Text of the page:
The Gelmírez Palace

Opposite you there stands an altarpiece that contains a number of valuable carvings and around seventy relics, some of which were stolen from other holy places. Trafficking in saints’ remains was a common practice and lucrative business for Medieval churches. Amongst the relics are pieces from the Virgin Mary’s clothing, bones of eight of the eleven thousand virgins, the throats of saints, a tooth of St. Theresa’s, and an endless list of others. The most interesting is perhaps the reliquary bust with the skull of St. James the lesser, which you will notice because it is a main feature of the altar.
The royal sarcophagi date from the Middle Ages. On the right is the best- preserved recumbent figure, that of King Ferdinand II of Leon, who fought numerous battles against the Sarracens and who commissioned Master Mateo to finish the Cathedral.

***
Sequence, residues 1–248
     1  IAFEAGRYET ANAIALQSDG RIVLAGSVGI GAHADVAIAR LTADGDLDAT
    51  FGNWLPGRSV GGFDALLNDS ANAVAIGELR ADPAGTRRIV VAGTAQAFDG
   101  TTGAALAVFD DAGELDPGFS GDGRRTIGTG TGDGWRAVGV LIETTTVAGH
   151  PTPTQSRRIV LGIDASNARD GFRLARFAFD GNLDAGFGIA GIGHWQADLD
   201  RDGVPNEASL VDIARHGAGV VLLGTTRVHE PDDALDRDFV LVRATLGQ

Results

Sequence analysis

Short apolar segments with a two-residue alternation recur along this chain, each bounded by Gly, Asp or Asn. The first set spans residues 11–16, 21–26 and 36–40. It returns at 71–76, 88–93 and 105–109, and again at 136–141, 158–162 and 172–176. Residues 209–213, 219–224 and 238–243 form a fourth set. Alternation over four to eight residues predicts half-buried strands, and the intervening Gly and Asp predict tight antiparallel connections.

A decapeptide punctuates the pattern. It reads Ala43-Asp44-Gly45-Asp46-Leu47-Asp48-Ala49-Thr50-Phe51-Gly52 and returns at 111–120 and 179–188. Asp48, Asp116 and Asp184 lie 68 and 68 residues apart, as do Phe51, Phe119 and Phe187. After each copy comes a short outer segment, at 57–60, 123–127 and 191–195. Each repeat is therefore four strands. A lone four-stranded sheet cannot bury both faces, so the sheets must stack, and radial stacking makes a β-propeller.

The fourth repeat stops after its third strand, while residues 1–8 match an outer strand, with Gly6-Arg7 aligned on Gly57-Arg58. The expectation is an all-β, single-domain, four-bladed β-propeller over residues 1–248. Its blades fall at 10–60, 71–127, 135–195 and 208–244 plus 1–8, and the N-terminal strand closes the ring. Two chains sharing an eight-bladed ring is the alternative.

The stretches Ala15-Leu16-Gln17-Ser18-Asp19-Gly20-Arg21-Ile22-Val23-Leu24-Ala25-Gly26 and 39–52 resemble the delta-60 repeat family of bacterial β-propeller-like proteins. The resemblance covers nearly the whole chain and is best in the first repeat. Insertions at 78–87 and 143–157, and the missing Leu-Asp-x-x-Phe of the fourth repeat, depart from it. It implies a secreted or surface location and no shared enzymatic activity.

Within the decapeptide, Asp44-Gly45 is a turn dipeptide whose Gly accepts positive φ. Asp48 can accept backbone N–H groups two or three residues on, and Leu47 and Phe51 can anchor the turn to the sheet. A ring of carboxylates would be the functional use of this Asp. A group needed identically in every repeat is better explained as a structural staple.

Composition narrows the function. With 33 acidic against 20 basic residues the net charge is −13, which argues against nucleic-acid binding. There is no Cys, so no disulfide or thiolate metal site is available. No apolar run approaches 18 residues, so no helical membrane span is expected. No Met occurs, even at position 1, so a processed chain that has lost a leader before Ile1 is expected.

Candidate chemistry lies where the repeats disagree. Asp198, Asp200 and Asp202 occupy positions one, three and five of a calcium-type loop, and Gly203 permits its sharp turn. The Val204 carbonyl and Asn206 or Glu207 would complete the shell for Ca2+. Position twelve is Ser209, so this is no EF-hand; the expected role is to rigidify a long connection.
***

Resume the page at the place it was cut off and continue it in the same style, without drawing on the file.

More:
On the left of the door is Queen Berenguela Berenguer, who was the wife of Emperor Alfonso VII. A Catalan chronicle of the time stated: “She was beautiful, chaste, a lover of truth and fearful of God”. She was undoubtedly a brave and courageous woman who accompanied her husband to war.

There is also another woman here. Can you find her? She is Doña Juana de Castro, the wife of King Peter the First, who was commonly known either as Pedro the Cruel, or the Lawful, and who had to reject her the day after the wedding as his marriage to Blanche of Bourbon had not been nullified. The monarch acknowledged years later that he had also secretly married María de Padilla.

If you wish, you can go to the other room in the corridor, known as the Chapel of the Treasure. It contains some interesting and valuable collections of sacred objects, such as the splendid processional monstrance made by Antonio de Arfe.

Now return to the Cathedral, which you have to cross in the direction of the Portico of Glory, where you will come to the entrance to the Gelmírez palace

(c) (R) 2013, MUSMon com S.L.
Text (a) Diego Laforga Marcos

Source: Own work
Author: Diego Laforga (2013)